78. 78. The floor of these tunnels consists of bone, whereas the roof is made of focal thickenings of the fascia, the so-called “retinacula”, which prevent dislocation and traumatic damage of the structures contained in the tunnel during joint activity. In normal states, color and power Doppler US are able to depict blood flow signals from perineural and interfascicular vessels only occasionally and in large nerve trunks.
  79. 79. Careful scanning technique of nerves based on the precise knowledge of their position and analysis of their anatomical relationships with surrounding structures is essential. Systematic scanning on short axis planes is preferred to follow the nerves contiguously throughout the limbs. Once detected, the nerve is followed proximally and distally shifting the transducer up or down according to its course. With this technique – called the “lift technique” – the examiner is able to explore long segments of a nerve in a few seconds throughout the limbs and extremities.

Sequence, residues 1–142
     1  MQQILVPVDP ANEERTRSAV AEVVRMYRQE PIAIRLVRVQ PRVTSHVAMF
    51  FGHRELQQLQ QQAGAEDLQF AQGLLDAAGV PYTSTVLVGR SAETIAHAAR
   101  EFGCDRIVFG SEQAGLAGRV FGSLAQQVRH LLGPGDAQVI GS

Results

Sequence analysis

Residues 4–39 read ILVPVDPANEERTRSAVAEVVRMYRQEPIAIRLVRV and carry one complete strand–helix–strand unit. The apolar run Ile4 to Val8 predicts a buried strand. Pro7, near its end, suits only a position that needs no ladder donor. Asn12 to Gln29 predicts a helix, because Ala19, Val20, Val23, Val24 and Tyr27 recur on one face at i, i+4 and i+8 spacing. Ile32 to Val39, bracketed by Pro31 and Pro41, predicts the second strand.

80. 80. In the event of intrinsic or extrinsic nerve abnormalities, the US examination is more appropriately focused on the area-of-interest using oblique and longitudinal scanning planes. all main nerves can readily be displayed in the extremities due to their superficial position and absence of intervening bone, depiction of the peripheral nervous system is not possible verywhere with US.
  81. 81. In fact, most cranial nerves, the nerve roots exiting the dorsal, lumbar and sacral spine, the sympathetic chains and the splanchnic (visceral) nerves in the abdomen cannot be visualized due to their course being too deep or interposition of bony structures.
  82. 82. Dermis and hypodermis From an anatomical point of view, nerves are characterized by a complex internal structure made of nervous fibers (containing axons, myelin sheaths and Schwann cells) grouped to form fascicles, and loose connective tissue (containing elastic fibers and vessels)
  83. 83. The skin represents the external covering of the whole body. Its thickness varies according to different body regions, reaching a maximum thickness at the palm of the hand and the sole of the foot. The skin is divided into two ifferent layers; • The external layer is the epidermis • The internal layer the dermis